Updated: 6/7/2019

Plasmodium

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Snapshot

  • A 25-year-old woman presents to the clinic with a one-week history of continuous high-grade fevers, myalgia, chills, and night sweats. She recently returned to the United States after volunteering with the Peace Corps in Nigeria. Her temperature is 103.2°F (39.6°C) and physical reveals a palpable spleen. A peripheral blood smear is shown.
Introduction
  • Epidemiology
    • geography
      • endemic throughout most of the tropics
      • disproportionately high burden of malaria in Sub-Saharan Africa
    • prevalence
      • WHO estimated 216 million cases of malaria in 91 countries in 2016
    • risk factors
      • exposure to Anopheles mosquitos, particularly at dusk and dawn
  • Pathogenesis
    • transmission
      • through bites of female Anopheles mosquitos
    • Plasmodium life cycle involves two hosts: human and Anopheles mosquito 
      • human host
        • sporozoite stage
          • the Plasmodium-infected Anopheles mosquito inoculates sporozoites into the human host during a blood meal
          • sporozoites infect hepatocytes and mature into schizonts, which rupture and release merozoites  
        • hypnozoite stage
          • for Plasmodium vivax and Plasmodium ovale, a dormant stage (hypnozoites) can persist in the liver and cause relapses
        • merozoite and trophozoite stage
          • merozoites undergo asexual multiplication in erythrocytes
          • merozoites reform to become trophozoites, which are ring-shaped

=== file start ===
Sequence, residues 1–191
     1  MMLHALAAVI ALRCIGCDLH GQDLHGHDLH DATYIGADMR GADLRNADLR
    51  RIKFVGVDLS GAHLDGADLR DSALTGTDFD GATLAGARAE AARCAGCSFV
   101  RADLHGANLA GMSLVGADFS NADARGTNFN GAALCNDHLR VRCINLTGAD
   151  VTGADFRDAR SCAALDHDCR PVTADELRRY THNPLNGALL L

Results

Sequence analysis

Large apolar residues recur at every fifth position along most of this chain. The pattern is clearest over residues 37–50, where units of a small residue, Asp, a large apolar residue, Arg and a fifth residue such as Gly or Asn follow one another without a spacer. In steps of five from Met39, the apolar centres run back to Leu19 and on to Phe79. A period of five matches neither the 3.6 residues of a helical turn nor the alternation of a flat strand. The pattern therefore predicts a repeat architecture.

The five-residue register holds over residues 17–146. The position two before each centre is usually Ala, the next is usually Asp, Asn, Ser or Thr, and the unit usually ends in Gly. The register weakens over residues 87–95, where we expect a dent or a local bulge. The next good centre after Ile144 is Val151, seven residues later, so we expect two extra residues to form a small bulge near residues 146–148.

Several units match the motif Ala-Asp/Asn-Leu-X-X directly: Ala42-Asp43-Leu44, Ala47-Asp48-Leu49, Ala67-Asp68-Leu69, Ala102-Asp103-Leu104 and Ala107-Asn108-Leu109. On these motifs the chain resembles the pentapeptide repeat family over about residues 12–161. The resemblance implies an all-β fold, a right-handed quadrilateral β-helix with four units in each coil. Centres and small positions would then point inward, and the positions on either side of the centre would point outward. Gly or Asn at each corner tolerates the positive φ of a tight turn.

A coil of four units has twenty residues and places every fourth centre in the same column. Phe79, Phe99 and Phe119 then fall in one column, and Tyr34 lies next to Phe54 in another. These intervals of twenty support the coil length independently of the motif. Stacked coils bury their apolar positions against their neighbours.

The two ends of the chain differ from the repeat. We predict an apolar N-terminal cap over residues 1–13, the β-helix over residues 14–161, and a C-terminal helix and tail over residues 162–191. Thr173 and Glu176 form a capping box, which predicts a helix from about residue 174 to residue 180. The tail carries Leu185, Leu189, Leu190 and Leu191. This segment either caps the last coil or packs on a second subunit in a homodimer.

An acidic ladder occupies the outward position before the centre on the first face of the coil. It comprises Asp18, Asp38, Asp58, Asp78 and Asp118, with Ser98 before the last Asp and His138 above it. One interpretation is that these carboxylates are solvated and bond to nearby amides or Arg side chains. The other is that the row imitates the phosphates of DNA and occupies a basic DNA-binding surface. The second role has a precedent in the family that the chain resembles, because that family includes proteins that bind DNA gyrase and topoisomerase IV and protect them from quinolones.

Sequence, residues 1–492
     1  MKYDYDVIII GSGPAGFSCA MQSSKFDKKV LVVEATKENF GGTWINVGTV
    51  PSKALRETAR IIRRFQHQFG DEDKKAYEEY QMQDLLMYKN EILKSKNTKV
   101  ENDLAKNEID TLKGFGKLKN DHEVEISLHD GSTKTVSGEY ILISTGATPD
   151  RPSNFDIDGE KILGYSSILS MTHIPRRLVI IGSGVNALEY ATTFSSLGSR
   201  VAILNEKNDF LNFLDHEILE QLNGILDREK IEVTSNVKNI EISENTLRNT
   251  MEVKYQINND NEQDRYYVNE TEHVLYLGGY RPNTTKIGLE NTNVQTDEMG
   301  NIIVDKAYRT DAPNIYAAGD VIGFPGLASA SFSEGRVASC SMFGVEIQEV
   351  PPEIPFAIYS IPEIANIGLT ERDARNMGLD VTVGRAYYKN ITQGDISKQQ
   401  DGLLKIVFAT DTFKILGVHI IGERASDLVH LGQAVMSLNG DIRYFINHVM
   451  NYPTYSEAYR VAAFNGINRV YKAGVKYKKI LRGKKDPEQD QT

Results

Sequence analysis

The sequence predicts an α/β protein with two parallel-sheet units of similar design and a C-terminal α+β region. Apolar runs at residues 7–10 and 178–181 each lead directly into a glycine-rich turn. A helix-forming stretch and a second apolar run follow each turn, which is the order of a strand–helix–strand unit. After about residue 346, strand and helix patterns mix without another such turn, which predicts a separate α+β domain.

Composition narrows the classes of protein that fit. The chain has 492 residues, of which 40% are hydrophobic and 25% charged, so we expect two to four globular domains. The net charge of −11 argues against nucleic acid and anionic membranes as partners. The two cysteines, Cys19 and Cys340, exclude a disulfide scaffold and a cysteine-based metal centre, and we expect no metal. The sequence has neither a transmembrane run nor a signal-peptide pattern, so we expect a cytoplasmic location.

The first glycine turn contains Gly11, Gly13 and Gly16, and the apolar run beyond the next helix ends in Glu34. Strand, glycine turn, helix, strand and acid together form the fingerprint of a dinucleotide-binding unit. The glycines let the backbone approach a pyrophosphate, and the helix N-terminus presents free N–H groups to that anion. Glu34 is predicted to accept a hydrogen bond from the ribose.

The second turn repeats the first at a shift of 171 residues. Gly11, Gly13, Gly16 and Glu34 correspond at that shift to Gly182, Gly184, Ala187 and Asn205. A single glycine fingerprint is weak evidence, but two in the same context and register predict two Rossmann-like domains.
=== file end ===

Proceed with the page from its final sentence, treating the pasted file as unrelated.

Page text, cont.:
• schizont stage
          • trophozoites undergo division to form large multi-nucleated schizonts
          • the schizont ruptures releasing merozoites
            • rupture of erythrocytes correlates with fever spikes
        • gametocyte stage
          • some parasites differentiate into sexual gametocytes, which are the form of the parasite that is ingested by an Anopheles mosquito
      • Anopheles mosquito host
        • oocyst stage
          • male and female gametocytes fuse in the stomach of the mosquito to form an oocyst
        • sporozoite stage
          • the oocyst divides into many sporozoites, which are then inoculated into the human host to begin the cycle anew
    • 4 main speces of Plasmodium cause malaria
      • Plasmodium falciparum 
        • irregular fever patterns
      • Plasmodium vivax
        • 48-hour fever cycle
      • Plasmodium ovale
        • 48-hour fever cycle
      • Plasmodium malariae
        • 72-hour fever cycle
  • Associated conditions
    • occlusion of capillaries in the brain (cerebral malaria), kidneys, and lungs (Plasmodium falciparum)
 Presentation
  • Symptoms
    • fever
    • headache
    • anemia
    • splenomegaly
  • Physical exam
    • palpable spleen
    • conjunctival pallor
Studies
  • Labs
    • Peripheral blood smear shows trophozoites and schizonts within erythrocytes 
      • trophozoite ring form within erythrocyte
      • schizont containing merozoites
      • red granules throughout cytoplasm in erythrocytes seen with Plasmodium vivax and Plasmodium ovale
  • Making the diagnosis
    • most cases are clinically diagnosed
Differential
  • Babesiosis
    • differentiating factor
      • predominantly in northeastern United States
  • Trypanosomiasis
    • differentiating factors
      • lymphadenopathy, somnolence, coma
  • Borrelia recurrentis
    • differentiating factor
      • history of tick exposure
Treatment
  • Medical
    • chloroquine
      • used in areas with low drug resistance
    • mefloquine  
      • used in areas with high rates of chloroquine resistance
    • atovaquone/proguanil or artemether-lumefantrine
      • used in areas with high rates of chloroquine resistance
        • first-line treatment for P. falciparum resistant to chloroquine
    • primaquine
      • used to kill latent hypnozoites in Plasmodium vivax and Plasmodium ovale infection
    • intravenous quinidine or artesunate
      • used in life-threatening situations
Complications
  • Cerebral malaria
    • complication of Plasmodium falciparum infection
    • parasitized erythrocytes occlude capillaries in the brain
  • Renal failure
    • complication of Plasmodium falciparum infection
    • parasitized erythrocytes occlude capillaries in the kidney
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